CMDD 2015 Abstracts

Full Papers
Paper Nr: 2

Defining and using Collaboration Patterns for Software Process Development


Tan Thuan Vo, Bernard Coulette, Hanh Nhi Tran and Redouane Lbath

Abstract: Collaboration patterns are an efficient way to define, reuse and enact collaborative software development processes. We propose an approach to define and apply collaboration patterns at modelling, instantiation or execution time. Our patterns, inspired from workflow patterns, are described in CMSPEM, a Process Modelling Language developed in our team. In this paper, we briefly describe the CMSPEM metamodel and focus our presentation on two collaboration patterns: Duplicate in Sequence with Multiple Actors, Duplicate in Parallel with Multiple Actors and Merge. The approach is illustrated by a case study concerning the collaborative process “Review a deliverable”.

Paper Nr: 6

Using Process Ontology Together with Process Editor - To Facilitate Tool Integration


Chanh Duc Ngo, Hanh Nhi Tran and Joël Champeau

Abstract: Modern software and system collaborative process involves various teams in different development phases thus need efficient solutions for tools integration. In Model-Driven Development, transformation technique is used to allow exchanging models created by different tools. However, in a process, transformation are often defined manually for a tool-incompatible point and rarely reusable. To facilitate the automatic generation of transformation rules for tool integration, we propose to use process ontology together with process editor when modelling process. The idea is using ontology to stock process assets from various sources so that the relations between similar elements in different technical spaces can be established automatically. The process editor enriches the ontology by process elements captured from modelling activities. Then the integrated ontology helps the editor detect tool integration points and complete the process model as well as generate the mappings between concerned process elements.

Short Papers
Paper Nr: 1

Applying Model-Driven Development to Environment Monitoring System


Tran Cao De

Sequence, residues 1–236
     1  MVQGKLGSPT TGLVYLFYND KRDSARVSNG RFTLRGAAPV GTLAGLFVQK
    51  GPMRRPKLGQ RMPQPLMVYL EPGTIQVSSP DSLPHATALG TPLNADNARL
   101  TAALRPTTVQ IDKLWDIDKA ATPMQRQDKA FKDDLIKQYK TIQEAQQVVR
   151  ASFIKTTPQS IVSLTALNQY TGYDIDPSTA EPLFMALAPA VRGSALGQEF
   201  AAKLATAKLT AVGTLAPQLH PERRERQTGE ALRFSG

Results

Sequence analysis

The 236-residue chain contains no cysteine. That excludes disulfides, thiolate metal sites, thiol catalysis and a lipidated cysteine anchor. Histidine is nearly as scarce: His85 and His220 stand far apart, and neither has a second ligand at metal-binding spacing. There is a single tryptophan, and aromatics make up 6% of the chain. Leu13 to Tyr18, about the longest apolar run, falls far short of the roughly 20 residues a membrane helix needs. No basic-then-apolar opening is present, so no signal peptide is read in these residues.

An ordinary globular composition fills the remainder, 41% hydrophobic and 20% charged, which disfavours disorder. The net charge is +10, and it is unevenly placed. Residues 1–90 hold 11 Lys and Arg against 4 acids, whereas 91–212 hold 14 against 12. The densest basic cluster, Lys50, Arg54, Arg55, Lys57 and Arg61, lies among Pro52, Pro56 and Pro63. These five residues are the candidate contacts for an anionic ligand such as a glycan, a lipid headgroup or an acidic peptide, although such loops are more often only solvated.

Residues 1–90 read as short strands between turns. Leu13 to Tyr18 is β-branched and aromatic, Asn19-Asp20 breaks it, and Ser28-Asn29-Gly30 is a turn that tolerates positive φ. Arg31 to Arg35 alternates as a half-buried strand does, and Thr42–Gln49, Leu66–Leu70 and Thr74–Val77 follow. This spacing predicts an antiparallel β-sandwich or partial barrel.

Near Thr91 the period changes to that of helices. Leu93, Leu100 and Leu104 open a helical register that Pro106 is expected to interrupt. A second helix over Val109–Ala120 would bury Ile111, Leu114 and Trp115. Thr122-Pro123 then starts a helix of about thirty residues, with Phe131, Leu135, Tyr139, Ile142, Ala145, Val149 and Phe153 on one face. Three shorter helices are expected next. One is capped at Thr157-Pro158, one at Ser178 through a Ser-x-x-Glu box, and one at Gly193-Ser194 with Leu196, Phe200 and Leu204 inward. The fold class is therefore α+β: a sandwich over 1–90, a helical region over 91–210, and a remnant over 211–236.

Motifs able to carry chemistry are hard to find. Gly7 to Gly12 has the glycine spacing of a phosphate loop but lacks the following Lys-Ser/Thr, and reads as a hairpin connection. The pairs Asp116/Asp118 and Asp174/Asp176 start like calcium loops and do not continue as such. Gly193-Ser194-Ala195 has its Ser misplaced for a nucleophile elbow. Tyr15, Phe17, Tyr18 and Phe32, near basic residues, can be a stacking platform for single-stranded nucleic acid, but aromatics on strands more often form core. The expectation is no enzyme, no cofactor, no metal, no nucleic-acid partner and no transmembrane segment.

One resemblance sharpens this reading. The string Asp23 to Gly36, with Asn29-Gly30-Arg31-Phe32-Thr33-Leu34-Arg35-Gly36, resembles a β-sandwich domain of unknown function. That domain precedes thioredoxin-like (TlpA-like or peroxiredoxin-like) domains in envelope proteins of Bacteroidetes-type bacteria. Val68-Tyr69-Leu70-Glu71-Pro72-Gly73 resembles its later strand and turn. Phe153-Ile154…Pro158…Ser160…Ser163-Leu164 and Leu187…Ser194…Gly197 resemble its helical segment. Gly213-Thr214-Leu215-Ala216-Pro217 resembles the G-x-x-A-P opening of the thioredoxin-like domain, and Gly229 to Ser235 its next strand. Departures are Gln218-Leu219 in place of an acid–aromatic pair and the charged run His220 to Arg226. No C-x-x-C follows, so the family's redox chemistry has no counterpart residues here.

Abstract: Environmental monitoring is critical in understanding whether the quality of our environment is getting better or worse. Information gathered by using an environmental monitoring system is important to make decisions. Vietnam is a vulnerable country of climate change. Specially, in the South of Vietnam, the Mekong delta is known as the region getting the most impact of sea level rise in Vietnam. That leads to a lot of problems making the worst effects to residents in the area, who are mainly still very poor. On the other hand, Vietnam is going on industrialization process that makes a strong effect on the environment. To deal with these challenges, different projects of environment management have been proposed and implemented and many monitoring systems have been built in those projects. Those systems are basically sensor networks with high cost in developing and maintaining. They are related to modern technology such as cloud, communication mobile and wireless. They provide the data for large community for different purposes. Therefore, building such a system is normally a long term project that requires an incremental and modular development for a complex system. This paper, on one hand, represents some common characteristics of an environment monitoring system that requires more study to develop a formal model and a methodology for their specifications, implementations and verification. On the other hand, we would like to adapt the formal model approach proposed for Intelligent Transport Systems (ITS) to an environmental monitoring system. The framework of Baobab is also introduced as an example for transformation from model to code.

Paper Nr: 3

RuCORD: Rule-based Composite Operation Recovering and Detection to Support Cooperative Edition of (Meta)Models


Amanuel Koshima and Vincent Englebert

Abstract: The cooperative edition of (meta)models may be enacted by the exchange of change operation journals between the participants. But these are often composed of atomic operations (create, delete, set, . . . ) that have no useful meaning for the users. Hence, detecting and recovering composite operations is a crucial step to help users understand the history of their (meta)models in terms of higher level operations. As a result, conflict detection, reconciliation, and merging of modeling artifacts will be improved. In addition, composite operations can also be used to generate model migration instructions that can automatically migrate instance models.